Conflict & Justice

Gay rights activists find new hope as India recognizes the right to privacy

india-court.jpg

India's Supreme Court is pictured through a gate in Delhi, India, May 26, 2016.

Credit:

Anindito Mukherjee/Reuters

In a landmark judgment in August, India’s highest court recognized the right to privacy as a fundamental right. The decision will have a wide ranging effect on other laws, as it overrules previous judgements contesting the right to privacy.

Gay rights activists in India are enthusiastic about what the right to privacy means for the country’s LGBT community, which is specifically addressed in the ruling.

“Sexual orientation is an essential attribute of privacy. Discrimination against an individual on the basis of sexual orientation is deeply offensive to the dignity and self-worth of the individual,” wrote Justice Dhananjaya Chandrachud. “The right to privacy and the protection of sexual orientation lie at the core of the fundamental rights guaranteed by ... the Constitution.”

Currently, the Indian Penal Code criminalizes “carnal intercourse against the order of nature.” While this law can be used to penalize anyone who has non-procreational sex, it is mostly used against gay men, and can lead to sentences up to life in prison.

The case of Ramchandra Siras, a professor of language at the Aligarh Muslim University, was a painful example of the harassment gay men have faced because of the law. In February 2010, a TV news crew forced its way into his home and filmed him having sex with another man, leading to his suspension from the university. Two months after the incident, he committed suicide.

According to Anjali Gopalan, the director of the NGO Naz Foundation, which filed the original petition against the homophobic law, the fundamental right to privacy can protect gay men from such violations.

“The one thing I keep thinking about is if we had this judgment in place, [the violations against Siras] would not have happened in all probability,” said Gopalan. “A man gets pushed to the point that he committed suicide at the age of 60, it is so hurtful and so painful.”

Privacy has been one of the central arguments used in the legal battle. It even led to the High Court of Delhi striking down the homophobic section of the penal code in 2009.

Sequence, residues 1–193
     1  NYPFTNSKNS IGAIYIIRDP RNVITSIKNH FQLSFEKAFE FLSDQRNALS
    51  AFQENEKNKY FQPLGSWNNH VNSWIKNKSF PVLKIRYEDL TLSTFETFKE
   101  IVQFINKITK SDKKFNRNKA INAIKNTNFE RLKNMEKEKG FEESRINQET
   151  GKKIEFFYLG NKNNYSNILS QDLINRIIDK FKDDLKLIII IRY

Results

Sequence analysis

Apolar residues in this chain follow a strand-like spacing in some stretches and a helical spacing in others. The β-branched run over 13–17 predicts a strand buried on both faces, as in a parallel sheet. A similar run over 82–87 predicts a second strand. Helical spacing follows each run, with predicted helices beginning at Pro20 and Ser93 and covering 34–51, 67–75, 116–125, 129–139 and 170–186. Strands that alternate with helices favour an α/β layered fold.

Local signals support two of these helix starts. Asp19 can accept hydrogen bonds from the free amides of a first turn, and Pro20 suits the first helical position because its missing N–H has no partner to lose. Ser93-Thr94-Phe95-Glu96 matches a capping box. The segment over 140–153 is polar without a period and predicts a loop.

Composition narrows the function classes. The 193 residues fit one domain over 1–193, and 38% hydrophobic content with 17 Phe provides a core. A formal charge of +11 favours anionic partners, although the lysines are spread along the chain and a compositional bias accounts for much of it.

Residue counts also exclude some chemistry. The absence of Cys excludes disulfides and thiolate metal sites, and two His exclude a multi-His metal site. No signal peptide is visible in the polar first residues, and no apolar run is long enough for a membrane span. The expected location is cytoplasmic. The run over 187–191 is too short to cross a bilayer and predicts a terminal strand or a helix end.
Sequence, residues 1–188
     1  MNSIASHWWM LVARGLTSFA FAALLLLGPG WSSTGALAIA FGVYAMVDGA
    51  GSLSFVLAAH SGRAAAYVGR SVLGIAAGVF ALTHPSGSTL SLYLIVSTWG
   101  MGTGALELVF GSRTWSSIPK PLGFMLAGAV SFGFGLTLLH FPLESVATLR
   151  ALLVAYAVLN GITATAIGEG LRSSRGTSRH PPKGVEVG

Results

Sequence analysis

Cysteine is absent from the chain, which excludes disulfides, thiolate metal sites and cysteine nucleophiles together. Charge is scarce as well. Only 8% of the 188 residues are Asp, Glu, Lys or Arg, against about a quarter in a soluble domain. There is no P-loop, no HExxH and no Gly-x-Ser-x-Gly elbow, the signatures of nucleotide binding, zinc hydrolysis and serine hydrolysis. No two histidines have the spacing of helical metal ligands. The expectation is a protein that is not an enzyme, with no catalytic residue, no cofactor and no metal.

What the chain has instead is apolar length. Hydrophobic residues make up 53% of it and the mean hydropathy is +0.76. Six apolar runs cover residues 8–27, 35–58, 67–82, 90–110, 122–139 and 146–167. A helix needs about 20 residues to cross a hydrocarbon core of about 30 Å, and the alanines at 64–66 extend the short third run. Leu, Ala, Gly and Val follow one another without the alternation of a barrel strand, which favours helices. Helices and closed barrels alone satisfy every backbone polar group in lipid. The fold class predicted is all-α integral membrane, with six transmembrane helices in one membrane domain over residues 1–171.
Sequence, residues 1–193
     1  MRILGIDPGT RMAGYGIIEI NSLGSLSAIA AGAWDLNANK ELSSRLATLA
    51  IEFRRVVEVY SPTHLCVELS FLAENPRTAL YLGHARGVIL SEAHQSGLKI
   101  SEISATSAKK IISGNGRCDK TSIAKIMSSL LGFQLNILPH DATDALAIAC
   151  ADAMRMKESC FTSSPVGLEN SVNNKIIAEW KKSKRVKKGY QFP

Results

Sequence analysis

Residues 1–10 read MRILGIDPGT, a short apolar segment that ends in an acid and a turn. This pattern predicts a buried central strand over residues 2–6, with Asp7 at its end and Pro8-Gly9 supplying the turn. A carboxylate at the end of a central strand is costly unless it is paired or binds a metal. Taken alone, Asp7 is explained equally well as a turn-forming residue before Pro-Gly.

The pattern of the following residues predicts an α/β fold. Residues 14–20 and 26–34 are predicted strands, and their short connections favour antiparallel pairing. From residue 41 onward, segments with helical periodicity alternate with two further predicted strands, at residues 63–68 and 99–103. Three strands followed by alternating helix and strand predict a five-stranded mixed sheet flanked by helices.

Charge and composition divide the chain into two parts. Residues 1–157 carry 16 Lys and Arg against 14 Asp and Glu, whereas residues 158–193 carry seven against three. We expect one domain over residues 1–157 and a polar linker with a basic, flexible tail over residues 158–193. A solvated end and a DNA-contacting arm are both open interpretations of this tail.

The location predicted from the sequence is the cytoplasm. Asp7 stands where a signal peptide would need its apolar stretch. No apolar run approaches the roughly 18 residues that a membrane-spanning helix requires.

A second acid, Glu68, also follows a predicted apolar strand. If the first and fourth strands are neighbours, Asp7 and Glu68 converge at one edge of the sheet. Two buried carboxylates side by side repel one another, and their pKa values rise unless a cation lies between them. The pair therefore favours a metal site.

“Under [the right to life and liberty] there is privacy, there is dignity and there is health, and on all these counts and under the right to equality, the High Court held [Section 377 of the penal code] unconstitutional,” said Anand Grover, a senior attorney who represented the Naz Foundation.

However, the Supreme Court later reinstated the law. That decision is being challenged one last time.

Grover, who also led the arguments in the right to privacy case, is confident the unnatural offenses law cannot stand in the face of the right to privacy decision.

“Six out of nine judges have said that the 2013 judgement has not dealt with privacy properly, there is a flaw in that judgement,” said Grover.

However, the current government continues to support the homophobic law. So far, Prime Minister Narendra Modi’s party has refused to repeal the law in Parliament despite a strong majority. In the past, senior leaders of the party have made strong statements against homosexuality. In 2013, the former president of the party said “homosexuality is an unnatural act and cannot be supported,” while another senior leader tweeted in 2015 that “homos are genetically handicapped.”

On being asked about the privacy ruling’s impact on the unnatural offenses law, the Indian law minister evaded the question.

“I think today is an important day for the poor and underprivileged,” said Ravi Shankar Prasad.

The statement, which many viewed as a dismissal of gay rights as a “rich people problem,” drew the ire of many opponents of the unnatural offenses law. According to Harish Iyer, a gay rights activist, Prasad’s evasion reflects how little this government values minorities.

“When Prasad says that the rights of poor people are important, I can get him introduced to thousands of poor LGBT people as well,” said Iyer. “They don’t come only from one socio-economic strata.”

Iyer doubted that the privacy ruling would reduce homophobia. Iyer said that one of the petitioners supporting the unnatural offenses law in the court case said striking it down would leave children vulnerable to abuse.

“As a survivor of child sexual abuse, let me tell you there is no link between homosexuality and child sexual abuse,” Iyer said. “If everyone who was sexually abused was to turn gay then more than one-third of any population would be gay.”

Iyer is confident, however, that the newly reinforced right to privacy will bolster the gay rights movement in India.

“When love comes out of the closet, hate comes out of the closet too,” said Iyer. “But now the law will never be an excuse to stop ourselves from providing help to people.”

A previous version of this story misspelled Harish Iyer's name.